Boston researchers study impact of autism

Researchers at Harvard University and Mass General Hospital are conducting a study to better understand the health and financial impact of autism spectrum disorder. As part of this study, the researchers would like to interview parents of children between the ages of 3-18 years who have been diagnosed with autism, Asperger’s disorder, or pervasive developmental disorder-not otherwise specified.

In 90 minute group interview sessions, parents will be asked questions about their child’s current wellbeing, as well as characteristics of their child that influence his or her wellbeing. They will also be asked about their own wellbeing, both physically and emotionally, and the financial costs that their family has had to bear because of their child’s autism spectrum disorder.

via Autism-PDD Message Boards: Boston, MA area research study.

EARLI Study – Research into early causes of autism

EARLI is a network of research sites that will enroll and follow 1,200 mothers of children with autism at the start of another pregnancy and document the newborn child’s development through three years of age. The EARLI Study will examine possible environmental risk factors for autism and study whether there is any interplay between environmental factors and genetic susceptibility.

According to the Centers for Disease Control and Prevention, approximately 1 in every 110 children has an Autism Spectrum Disorder (ASD). Autism is the fastest growing developmental disability in the country; however, little is known about what causes it.

The EARLI Study is an important research study trying to change that. If you have a child with an Autism Spectrum Disorder and are currently pregnant or may become pregnant again in the future, you have a unique opportunity to help researchers better understand the causes of autism so that we can one day more effectively treat or prevent this challenging disorder.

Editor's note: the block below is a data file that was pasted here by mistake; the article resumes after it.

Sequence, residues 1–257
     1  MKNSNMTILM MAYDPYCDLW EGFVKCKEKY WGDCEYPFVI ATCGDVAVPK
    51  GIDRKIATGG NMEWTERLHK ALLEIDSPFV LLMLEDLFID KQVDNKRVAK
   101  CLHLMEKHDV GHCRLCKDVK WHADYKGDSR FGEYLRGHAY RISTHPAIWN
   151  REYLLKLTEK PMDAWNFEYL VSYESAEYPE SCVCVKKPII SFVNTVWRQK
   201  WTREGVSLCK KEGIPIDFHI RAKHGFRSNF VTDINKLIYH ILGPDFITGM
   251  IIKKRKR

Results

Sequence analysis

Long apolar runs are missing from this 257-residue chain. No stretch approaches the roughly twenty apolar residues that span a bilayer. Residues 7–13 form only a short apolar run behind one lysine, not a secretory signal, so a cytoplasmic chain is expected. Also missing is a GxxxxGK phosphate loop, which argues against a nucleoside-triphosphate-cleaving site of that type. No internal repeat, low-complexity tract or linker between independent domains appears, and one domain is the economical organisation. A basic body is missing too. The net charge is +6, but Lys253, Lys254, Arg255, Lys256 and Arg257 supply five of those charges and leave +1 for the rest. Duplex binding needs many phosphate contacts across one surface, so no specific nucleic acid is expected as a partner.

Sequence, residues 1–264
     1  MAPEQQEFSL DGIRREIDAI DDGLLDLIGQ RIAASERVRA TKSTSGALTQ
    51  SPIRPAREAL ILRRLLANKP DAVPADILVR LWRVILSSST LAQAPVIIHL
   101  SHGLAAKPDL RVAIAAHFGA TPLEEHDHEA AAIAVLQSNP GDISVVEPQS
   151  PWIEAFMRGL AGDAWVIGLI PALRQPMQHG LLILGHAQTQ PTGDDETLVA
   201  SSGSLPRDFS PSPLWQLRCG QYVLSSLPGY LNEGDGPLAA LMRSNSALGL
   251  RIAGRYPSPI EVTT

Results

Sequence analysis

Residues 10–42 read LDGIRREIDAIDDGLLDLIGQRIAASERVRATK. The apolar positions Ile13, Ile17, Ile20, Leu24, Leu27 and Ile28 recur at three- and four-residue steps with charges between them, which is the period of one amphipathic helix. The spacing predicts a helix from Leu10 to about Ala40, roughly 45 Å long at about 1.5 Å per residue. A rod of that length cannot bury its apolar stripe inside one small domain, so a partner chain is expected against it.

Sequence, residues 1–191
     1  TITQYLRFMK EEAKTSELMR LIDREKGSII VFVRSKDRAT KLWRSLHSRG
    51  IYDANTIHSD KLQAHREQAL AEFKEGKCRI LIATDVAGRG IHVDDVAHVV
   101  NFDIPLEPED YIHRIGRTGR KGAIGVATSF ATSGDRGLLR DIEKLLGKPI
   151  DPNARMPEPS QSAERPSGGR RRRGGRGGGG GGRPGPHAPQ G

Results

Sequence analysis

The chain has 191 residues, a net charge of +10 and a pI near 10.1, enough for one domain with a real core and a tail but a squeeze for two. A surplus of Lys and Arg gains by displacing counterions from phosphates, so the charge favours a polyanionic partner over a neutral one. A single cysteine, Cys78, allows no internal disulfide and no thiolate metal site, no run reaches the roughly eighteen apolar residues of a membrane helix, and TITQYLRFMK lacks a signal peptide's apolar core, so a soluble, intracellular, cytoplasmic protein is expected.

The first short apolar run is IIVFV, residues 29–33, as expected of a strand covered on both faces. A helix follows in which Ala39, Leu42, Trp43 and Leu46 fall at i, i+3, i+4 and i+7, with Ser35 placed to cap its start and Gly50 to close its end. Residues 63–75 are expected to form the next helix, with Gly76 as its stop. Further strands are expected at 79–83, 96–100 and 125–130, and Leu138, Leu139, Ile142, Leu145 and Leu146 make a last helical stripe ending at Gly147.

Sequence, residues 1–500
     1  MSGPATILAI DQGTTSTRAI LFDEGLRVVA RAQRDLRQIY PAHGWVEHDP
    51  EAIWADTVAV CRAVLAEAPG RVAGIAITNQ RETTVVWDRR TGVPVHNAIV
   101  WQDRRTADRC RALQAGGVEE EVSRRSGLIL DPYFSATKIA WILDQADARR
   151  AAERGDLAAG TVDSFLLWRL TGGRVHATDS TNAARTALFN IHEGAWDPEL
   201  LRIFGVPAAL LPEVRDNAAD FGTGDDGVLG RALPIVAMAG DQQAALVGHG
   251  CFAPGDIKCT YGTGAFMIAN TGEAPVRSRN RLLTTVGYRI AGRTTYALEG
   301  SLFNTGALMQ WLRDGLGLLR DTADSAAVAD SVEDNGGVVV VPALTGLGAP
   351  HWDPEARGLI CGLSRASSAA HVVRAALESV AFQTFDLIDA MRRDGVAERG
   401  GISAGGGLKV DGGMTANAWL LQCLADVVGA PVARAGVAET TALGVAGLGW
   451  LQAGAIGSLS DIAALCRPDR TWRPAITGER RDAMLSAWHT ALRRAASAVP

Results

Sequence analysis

via EARLI Study – Research Into Early Causes of Autism | EARLI Study.

Mothers of children with autism pay price in workplace

VANCOUVER, Wash.—Mothers of children with autism see their careers disproportionally affected as they confront greater demands on their time, inflexible workplaces and increased medical costs, according to a new study by researchers at Washington State University Vancouver.

The study, based on a survey of 326 families in Washington and Oregon, found that slightly more than half the women worked fewer hours to accommodate the needs of their child and three out of five had not taken a job because of their child’s autism. To care for the child, one-quarter had taken a leave of absence and nearly as many had not taken a promotion. Nearly 60 percent had suffered financial problems in the past year.

via WSU researchers find mothers of children with autism pay price in workplace.

Comparing how people with and without autism view “Who’s Afraid of Virginia Woolf”

Public Radio International’s Studio 360 has an interesting audio post and slide show on a Yale School of Medicine study that compares how people with and without autism viewed the movie “Who’s Afraid of Virginia Woolf.” Eye-tracking technology showed that the two groups looked at entirely different things, sometimes in surprising ways.

Science is looking for ways to better understand an autistic person’s perception of the world. Using laser technology, Ami Klin and Warren Jones of the Yale School of Medicine screened “Who’s Afraid of Virginia Woolf” and tracked the gazes of autistic viewers precisely, to study how they perceive social interactions. Biologist David Gruber visited their lab to learn about the technique.

via Studio 360: Autism, Flanagan, Shearwater.

Brain Imaging Technique May Help Diagnose Autism